Unacceptable: United Airlines’ Epic Fail
You may recall a widely reported incident on a United Airlines flight in 2017, and the widespread public backlash that followed, after a passenger was forcibly removed from a flight to make room for crew members*. The incident sparked outrage and calls for a boycott of the airline.
Not surprisingly, as a result, the airline lost a significant number of customers in the days and weeks that followed the incident, up to 10,000 customers by some estimates. And of course, the brand’s reputation suffered mightily, at least for a time. 

How Ayopop Conquered Churn

Ayopop is an Indonesian fintech startup that was challenged by retaining customers beyond the initial 90-day period. To address this issue, Ayopop partnered with CleverTap to utilize our sophisticated engagement and retention features 
With CleverTap, the team at Ayopop can understand and fine-tune the entire user journey and identify the key factors infuencing churn. Flows and Funnels enabled them to gain a deeper understanding of user behavior, and automated segmentation lets them create user groups based on demographics.
The results were impressive. Ayopop managed to reduce its 90-day churn rate by an impressive 15%. CleverTap’s data-driven approach and personalized engagement strategies kept customers active and satisfied beyond the initial phase. 
Ayopop’s success in reducing churn demonstrates the value of leveraging data and targeted messaging to improve customer retention in the highly competitive fintech industry.
To learn more, read the entire case study

How to Measure Customer Churn

Measuring the cost of lost customers can be a challenging task, as it involves assessing a variety of factors that contribute to the loss of a customer. Here are some steps that can help you to measure the cost of lost customers:
1. Determine the customer lifetime value (CLV): The CLV is the total value that a customer is expected to bring to a business over the course of their relationship. This includes the value of their purchases, the frequency of their purchases, and the length of time they are likely to remain a customer.
In calculating CLV, you must also account for customer acquisition costs (CAC), ongoing sales and marketing expenses, operating expenses, and, of course, the cost required to manufacture the product and services the company is selling.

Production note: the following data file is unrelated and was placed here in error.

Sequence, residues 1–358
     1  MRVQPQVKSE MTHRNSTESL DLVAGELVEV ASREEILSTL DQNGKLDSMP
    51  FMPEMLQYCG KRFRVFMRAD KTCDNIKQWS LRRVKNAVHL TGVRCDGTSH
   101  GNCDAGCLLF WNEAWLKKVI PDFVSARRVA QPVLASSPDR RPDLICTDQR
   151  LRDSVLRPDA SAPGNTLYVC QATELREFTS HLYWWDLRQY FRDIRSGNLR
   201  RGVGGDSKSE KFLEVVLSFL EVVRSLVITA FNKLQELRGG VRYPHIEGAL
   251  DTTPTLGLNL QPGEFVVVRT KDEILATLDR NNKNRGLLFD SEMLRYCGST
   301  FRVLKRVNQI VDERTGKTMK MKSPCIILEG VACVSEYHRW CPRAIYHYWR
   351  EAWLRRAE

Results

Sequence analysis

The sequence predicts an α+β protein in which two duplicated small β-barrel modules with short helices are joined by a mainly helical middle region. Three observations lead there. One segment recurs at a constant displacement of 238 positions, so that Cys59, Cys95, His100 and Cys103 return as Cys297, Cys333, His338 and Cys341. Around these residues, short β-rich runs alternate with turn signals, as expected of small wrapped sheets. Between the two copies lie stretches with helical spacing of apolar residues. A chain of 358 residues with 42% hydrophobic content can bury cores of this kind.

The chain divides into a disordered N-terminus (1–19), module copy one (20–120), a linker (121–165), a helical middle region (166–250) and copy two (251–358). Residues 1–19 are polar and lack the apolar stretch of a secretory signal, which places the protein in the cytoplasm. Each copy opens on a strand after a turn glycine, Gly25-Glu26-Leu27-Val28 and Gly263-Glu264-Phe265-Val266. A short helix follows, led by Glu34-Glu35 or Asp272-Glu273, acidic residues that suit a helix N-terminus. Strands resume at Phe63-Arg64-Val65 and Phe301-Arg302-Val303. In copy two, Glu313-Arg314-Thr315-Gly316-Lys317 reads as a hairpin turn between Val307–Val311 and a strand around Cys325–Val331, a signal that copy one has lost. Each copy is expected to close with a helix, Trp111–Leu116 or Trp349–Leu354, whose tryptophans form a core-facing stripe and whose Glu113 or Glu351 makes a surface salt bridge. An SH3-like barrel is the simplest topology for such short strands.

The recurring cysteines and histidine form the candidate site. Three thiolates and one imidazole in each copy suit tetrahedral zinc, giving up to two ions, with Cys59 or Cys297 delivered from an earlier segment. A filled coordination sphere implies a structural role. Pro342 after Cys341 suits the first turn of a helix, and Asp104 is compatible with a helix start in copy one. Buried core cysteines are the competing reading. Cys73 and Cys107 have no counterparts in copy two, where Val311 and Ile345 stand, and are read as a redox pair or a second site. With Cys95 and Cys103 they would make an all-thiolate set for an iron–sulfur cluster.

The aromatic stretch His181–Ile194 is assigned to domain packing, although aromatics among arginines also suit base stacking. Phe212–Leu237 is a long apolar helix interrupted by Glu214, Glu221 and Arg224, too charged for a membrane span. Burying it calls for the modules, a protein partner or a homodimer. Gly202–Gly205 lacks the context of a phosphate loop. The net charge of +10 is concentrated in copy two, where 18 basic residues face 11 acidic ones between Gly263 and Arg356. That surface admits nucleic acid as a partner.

Here’s how to calculate CLV:
Customer Lifetime Value calculation
For more detail on CLV, how to calculate it, and some tips for increasing it, read our blog. 
2. Calculate the churn rate: The churn rate is the percentage of customers that stop doing business with a company over a certain period of time. This can be calculated by dividing the number of lost customers by the total number of customers.
3. Calculate the revenue lost: Once you have calculated the churn rate, you can then determine the revenue lost due to lost customers. This can be calculated by multiplying the CLV by the number of lost customers.
For example, suppose you have 10,000 customers in total, a churn rate of 10%, and a customer lifetime value (CLV) of $100. To calculate the revenue lost due to lost customers, you would:
Determine the number of lost customers: 10,000 divided by 10% = 1,000
Multiply the CLV by the number of lost customers: $100 * 1,000 customers = $100,000
This is your total revenue lost: $100,000 
4. Determine the cost of customer acquisition: To fully understand the cost of lost customers, it is important to consider the cost of acquiring new customers to replace them. This includes marketing and advertising costs, as well as the cost of sales and customer service.
5. Analyze the impact on profitability: Finally, it is important to consider the impact of lost customers on overall profitability. This includes the direct impact on revenue, as well as the indirect impact on brand reputation and customer loyalty.

Churn is Unavoidable, But….

… it can be minimized.
As the examples above illustrate, some of the most successful, enduring companies can be challenged by losing customers. Whether through changes in the marketplace, poor strategic decisions, or failure to innovate and anticipate, churn can affect brands large and small in any category. 
Regardless of your brand’s past or future success or your share of the marketplace, you can — and undoubtedly will — be faced with churn. How well you anticipate, understand it, and manage it will be the key to how well you can overcome it, 
If you need to know the most effective and proven strategies and tactics for reducing churn — and how to implement them — download our guide below. 

Preventing Mobile App Churn

Preventing Mobile App Churn

A guide for everything you need to measure churn, understand key benchmarks, and create a practical retention strategy for your app.

Download Now

Last updated on March 29, 2024